"Life is a series of hellos and goodbyes, I’m afraid it’s time for goodbye again." - Billy JoelWell, after nearly (500) Days of Unemployment, your friendly neighborhood columnist is leaving The Laid-Off Life for full-time employment. Monday-to-Friday, 40-hour week, health-insurance-and-401(k) kinda stuff. The Laid-Off Life will now be The Newly-Employed Life, at least for an audience of one. Excuse me if I throw myself a party.
How did I get so lucky, you ask? Simple. Persistence, hard work, smart work, laboring through rejection, staying focused, and doing the little but often overlooked things that help you get an interview and get hired. I’ve been pushing these concepts for many months now, the ways you can and must make the extra effort. Many of us – myself included – are excellent interviewees. But you’re never going to get to show off that talent until you get your résumé noticed and are heard above the din. Let’s take a look back at a collection of the things that not only I have been doing, but the things I’ve encouraged you to do as well. Class, please open your textbooks and follow along.
Use social networking and its tools to the best of your advantage. Be on Facebook and Twitter and follow/friend/like all the job-hunting sites to keep apprised of jobs, leads, and news. 'Like' PhillyJobs.com and your specific Nexxt interests on Facebook and follow them on Twitter. Do the same for all the great organizations out there like HireFriday, TweetMyJobs, and TweetAJob. Sign up for job tweets, and read all the useful columns and stories they provide and repost.
Post your résumé online and Tweet it on #HireFriday and #FF hashtag lists. Find a great site on which to post a public résumé to send people to, like on Nexxt and great portfolio sites like WritersResidence (where I host my résumé). Make sure you make your résumés keyword-friendly, simple to find, simple to read, and simple to peruse. Make yourself a personal business card.
Use your own social network to stay up on goings-on in your industry, or in the job market in general. And the hard truth is that the number-one best way to find a job is through real-life or social-life friends. Don’t be afraid to hit up all of your social network friends about your job search. They may have a job at their company available, or they might be passed on a job by a friend that they are not interested in but you may be, or they may hear of something around that you’d be perfect for. Or maybe they have something they can even hire you directly for! Everyone – everyone – in your life should know you are looking for work because anyone could be the key to that elusive opening.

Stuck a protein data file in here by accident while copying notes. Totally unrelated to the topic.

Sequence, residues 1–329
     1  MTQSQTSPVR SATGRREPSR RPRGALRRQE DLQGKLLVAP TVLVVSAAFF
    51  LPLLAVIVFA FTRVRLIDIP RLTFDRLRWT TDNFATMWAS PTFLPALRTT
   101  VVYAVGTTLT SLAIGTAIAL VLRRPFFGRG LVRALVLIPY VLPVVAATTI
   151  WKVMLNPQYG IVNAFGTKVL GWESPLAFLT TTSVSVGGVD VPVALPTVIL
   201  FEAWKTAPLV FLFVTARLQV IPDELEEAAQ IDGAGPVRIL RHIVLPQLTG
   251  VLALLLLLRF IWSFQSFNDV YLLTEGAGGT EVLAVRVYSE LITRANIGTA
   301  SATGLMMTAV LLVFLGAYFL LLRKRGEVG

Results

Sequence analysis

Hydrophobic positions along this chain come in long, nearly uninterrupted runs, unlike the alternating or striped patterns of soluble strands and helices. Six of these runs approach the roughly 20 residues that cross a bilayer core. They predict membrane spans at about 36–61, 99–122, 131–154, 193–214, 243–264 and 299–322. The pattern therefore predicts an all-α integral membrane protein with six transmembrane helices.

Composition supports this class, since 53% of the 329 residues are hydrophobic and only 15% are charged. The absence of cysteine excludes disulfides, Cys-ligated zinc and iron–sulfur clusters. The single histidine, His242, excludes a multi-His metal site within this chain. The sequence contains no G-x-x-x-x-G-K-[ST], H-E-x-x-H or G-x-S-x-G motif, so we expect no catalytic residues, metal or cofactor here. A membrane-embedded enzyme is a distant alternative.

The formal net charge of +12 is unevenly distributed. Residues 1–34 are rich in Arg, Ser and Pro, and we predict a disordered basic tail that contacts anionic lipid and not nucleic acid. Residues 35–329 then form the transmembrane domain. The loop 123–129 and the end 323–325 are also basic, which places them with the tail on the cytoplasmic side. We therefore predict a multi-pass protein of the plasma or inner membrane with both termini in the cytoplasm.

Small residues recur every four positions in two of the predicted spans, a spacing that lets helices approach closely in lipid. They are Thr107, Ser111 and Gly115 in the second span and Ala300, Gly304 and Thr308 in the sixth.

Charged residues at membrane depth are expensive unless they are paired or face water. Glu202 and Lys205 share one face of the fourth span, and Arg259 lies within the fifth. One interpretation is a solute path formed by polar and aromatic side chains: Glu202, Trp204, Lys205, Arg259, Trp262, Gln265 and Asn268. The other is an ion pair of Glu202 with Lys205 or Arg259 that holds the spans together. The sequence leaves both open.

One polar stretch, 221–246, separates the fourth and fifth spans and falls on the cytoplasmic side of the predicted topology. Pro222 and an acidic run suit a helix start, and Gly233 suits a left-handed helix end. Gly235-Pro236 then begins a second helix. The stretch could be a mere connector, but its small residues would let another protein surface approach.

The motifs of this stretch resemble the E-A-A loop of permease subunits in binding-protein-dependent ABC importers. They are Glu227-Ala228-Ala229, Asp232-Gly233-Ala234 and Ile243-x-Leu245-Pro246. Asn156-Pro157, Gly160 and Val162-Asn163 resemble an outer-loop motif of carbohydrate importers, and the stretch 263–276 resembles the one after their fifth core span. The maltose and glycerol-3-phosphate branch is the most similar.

Augment your favorite job search aggregation sites like CareerBuilder, Monster, or PhillyJobs with smart searches through Craigslist. So many good jobs are listed there because it’s a) easy and b) cheap. Don’t forget to keep looking through newspapers (and their websites) because their job classifieds are still relevant. And search the trade magazines in whatever field you are in for jobs that may not be listed elsewhere. Trade journals are a much-underutilized source of job listings, and info about your industry.
Use LinkedIn wisely. Use it to find companies that you’d love to work for, and see who works there and if you share LinkedIn groups. Group what now? Go join all the LinkedIn groups that you can that apply to you. Industries you’re in, interests you have, alumni groups of former employers and schools. Not only can you get tips on jobs you might not find elsewhere, but if you find a company you’re targeting for work, you can find employees who share a group and contact them directly because you share a group. You never know when you can get an 'in'. And when applying to jobs, use LinkedIn to research as many aspects as you can about the company and use the information you find in applications, follow-ups, and interviews. LinkedIn is where the adults are. Use it.